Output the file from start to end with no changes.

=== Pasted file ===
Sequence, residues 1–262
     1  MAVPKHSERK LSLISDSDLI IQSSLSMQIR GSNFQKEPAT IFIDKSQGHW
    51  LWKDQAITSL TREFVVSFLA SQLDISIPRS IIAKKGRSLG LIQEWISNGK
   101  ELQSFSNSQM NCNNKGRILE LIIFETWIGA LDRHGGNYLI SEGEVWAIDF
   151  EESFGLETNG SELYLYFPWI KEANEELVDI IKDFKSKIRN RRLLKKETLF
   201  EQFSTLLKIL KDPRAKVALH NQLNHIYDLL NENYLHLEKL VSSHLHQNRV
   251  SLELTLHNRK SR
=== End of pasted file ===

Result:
Sequence, residues 1–262
     1  MAVPKHSERK LSLISDSDLI IQSSLSMQIR GSNFQKEPAT IFIDKSQGHW
    51  LWKDQAITSL TREFVVSFLA SQLDISIPRS IIAKKGRSLG LIQEWISNGK
   101  ELQSFSNSQM NCNNKGRILE LIIFETWIGA LDRHGGNYLI SEGEVWAIDF
   151  EESFGLETNG SELYLYFPWI KEANEELVDI IKDFKSKIRN RRLLKKETLF
   201  EQFSTLLKIL KDPRAKVALH NQLNHIYDLL NENYLHLEKL VSSHLHQNRV
   251  SLELTLHNRK SR